Hispanic students talk culture

images+courtesy+of+Tatiana+Bralnina%2C+Frida+Kahlo%2C+%26+Pius+Lee

images courtesy of Tatiana Bralnina, Frida Kahlo, & Pius Lee

Natalie Phan, social media manager & web editor

 

images courtesy of Tatiana Bralnina, Frida Kahlo, & Pius Lee

In a time of political crisis and the rise of white nationalism, race politics has never been more complicated. Kapaun Mt. Carmel hosts a diverse group of students, ranging from multiple socioeconomic and racial backgrounds. One notable group is the school’s Hispanic community.

According to Hispanic junior Scarlett Resendez, her culture is more than language.

To sophomore Estrella Carillo, growing up Hispanic had its unique characteristics.

“Growing up Hispanic has affected me in some ways. For example, like people look down on you and automatically judge you. They think that all Hispanic people are immigrants,” said Carillo.

“In my opinion, being Hispanic is so cool in a way like the food is so good,” said Carillo. “You also have tons of family growing up. You have these family traditions that each family has.”

“We are all honestly good people with good hearts and who are just trying to live the American dream,” said Carillo.
“Being Hispanic is about the tradition, values, and heritage,” said Resendez. “Being Hispanic is the foundation where people are able to find their roots, learn about their ancestors, and most importantly find who they are and want to become.”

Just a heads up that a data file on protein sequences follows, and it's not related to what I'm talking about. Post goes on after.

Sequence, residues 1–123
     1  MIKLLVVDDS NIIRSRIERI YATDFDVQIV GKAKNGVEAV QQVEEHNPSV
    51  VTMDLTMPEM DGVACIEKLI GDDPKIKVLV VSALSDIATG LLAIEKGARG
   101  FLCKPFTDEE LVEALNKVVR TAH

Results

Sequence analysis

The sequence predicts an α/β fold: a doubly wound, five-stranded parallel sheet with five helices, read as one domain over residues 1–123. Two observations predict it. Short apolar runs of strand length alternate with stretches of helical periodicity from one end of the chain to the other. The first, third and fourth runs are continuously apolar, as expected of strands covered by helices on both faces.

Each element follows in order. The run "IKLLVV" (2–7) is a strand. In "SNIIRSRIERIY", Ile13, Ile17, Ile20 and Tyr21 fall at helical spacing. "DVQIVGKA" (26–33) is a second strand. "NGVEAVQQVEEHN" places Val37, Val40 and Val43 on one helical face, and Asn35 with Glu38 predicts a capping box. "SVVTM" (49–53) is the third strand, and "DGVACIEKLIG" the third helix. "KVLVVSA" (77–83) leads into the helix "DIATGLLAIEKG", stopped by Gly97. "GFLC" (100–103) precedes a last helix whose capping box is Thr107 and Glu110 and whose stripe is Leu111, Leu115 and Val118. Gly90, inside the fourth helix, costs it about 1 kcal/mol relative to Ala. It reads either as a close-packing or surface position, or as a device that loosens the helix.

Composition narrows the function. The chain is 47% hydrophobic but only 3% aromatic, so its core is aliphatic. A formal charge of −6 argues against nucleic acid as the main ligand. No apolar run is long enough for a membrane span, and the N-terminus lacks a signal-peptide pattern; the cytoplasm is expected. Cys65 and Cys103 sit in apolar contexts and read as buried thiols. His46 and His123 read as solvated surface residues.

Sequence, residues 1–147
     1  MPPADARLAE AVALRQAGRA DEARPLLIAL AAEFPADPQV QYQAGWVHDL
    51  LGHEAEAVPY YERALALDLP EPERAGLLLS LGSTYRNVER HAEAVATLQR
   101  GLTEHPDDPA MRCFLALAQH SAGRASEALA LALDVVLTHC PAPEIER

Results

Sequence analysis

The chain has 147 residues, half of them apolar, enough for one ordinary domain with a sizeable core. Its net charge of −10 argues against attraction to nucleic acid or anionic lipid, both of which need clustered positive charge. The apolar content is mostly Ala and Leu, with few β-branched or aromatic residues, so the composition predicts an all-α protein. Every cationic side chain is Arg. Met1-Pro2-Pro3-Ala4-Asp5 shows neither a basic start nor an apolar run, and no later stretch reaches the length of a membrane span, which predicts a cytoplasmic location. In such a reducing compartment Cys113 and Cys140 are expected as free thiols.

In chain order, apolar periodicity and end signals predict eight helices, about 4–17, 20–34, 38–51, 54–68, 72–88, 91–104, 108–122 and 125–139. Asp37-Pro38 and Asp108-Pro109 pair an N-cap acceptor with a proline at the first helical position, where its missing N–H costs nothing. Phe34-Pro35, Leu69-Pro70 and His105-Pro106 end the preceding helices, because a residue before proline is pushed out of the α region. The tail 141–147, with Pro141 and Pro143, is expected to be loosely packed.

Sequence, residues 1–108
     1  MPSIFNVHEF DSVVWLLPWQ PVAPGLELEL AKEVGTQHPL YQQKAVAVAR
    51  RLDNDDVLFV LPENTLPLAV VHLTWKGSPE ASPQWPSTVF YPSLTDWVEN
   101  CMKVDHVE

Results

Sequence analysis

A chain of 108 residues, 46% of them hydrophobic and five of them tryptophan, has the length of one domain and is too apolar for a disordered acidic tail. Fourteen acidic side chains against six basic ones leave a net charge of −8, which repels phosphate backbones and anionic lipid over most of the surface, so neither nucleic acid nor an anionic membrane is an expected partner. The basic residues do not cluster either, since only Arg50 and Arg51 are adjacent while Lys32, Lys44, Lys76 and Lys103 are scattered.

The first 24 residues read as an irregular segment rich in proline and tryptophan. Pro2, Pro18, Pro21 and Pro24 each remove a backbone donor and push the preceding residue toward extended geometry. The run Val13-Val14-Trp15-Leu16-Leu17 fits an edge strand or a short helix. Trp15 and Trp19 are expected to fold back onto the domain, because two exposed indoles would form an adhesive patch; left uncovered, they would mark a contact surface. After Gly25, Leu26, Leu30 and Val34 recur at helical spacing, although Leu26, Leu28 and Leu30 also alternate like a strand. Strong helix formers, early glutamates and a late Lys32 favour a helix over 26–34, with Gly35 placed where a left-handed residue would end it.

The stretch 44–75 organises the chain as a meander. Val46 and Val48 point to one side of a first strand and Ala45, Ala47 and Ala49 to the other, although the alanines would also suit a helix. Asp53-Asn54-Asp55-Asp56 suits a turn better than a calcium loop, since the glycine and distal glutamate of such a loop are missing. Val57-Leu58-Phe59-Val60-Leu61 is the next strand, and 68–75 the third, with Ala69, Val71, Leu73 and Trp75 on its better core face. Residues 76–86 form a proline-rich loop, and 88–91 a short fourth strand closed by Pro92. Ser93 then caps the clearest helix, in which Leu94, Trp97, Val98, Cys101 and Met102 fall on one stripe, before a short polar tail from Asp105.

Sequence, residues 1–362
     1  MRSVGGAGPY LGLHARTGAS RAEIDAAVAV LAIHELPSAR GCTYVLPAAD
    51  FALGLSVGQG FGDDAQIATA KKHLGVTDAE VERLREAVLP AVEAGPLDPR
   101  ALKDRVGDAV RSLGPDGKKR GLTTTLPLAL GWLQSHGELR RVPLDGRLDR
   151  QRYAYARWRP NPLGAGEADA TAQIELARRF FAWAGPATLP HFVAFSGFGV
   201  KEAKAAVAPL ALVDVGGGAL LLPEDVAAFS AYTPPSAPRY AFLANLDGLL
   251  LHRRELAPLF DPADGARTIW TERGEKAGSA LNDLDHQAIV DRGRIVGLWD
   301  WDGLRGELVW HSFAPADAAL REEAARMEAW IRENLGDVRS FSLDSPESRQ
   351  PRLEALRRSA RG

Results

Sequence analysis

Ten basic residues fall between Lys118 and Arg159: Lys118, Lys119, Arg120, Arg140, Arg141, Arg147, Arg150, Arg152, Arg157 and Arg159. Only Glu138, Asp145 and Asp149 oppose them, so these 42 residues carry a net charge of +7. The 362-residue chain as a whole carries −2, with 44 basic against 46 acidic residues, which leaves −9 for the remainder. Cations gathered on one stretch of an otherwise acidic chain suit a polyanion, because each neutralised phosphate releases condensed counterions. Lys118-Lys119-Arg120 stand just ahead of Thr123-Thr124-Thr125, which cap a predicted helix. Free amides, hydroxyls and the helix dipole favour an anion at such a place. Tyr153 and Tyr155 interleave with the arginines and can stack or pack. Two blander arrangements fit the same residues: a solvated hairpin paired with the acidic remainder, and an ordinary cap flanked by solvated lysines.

“Honestly, I’ve loved growing up Hispanic. From the color of my skin to the foods I eat, it’s all been a good experience,” said Resendez. “I’ve learned a lot about my family and the traditions they had to share.”

“Something about being Hispanic that non-Hispanic kids do not understand is that not all Mexicans speak Spanish. A lot of people assume I can do their Spanish homework because I ‘should be able to read this.’ I can understand when my dad is talking to me in Spanish but I cannot do school Spanish,” said Resendez.

Sophomore Sophia Flores-Lerma says she is proud of what her heritage had done for her.

“To be Hispanic means your [sic] part of a very special culture that has helped many people grow in many different ways,” said Flores-Lermac, “and that your culture will always be with you no matter what and to never forget where you came from.”

According to Pew Research Center, the U.S. Hispanic population reached 60.6 million in 2019. A 2016 study conducted by Pew Research Center found that roughly half of Hispanics have experienced discrimination.
“I personally have not experienced any sort of racism at Kapaun,” said Flores-Lerma, “but I have experienced racism in many other places. I have heard of Hispanic students struggling with racism at Kapaun.”

Flores-Lerma has a different perspective on what non-Hispanic students don’t understand.

“Something that a non-Hispanic don’t [sic] understand is that why [sic] we are so connected with our family,” said Flores-Lerma. “The reason why we are so connected is because if you don’t have friends you can always trust your family, they are the only people who you will always count on, they won’t judge you or anything they just want what is best for you.”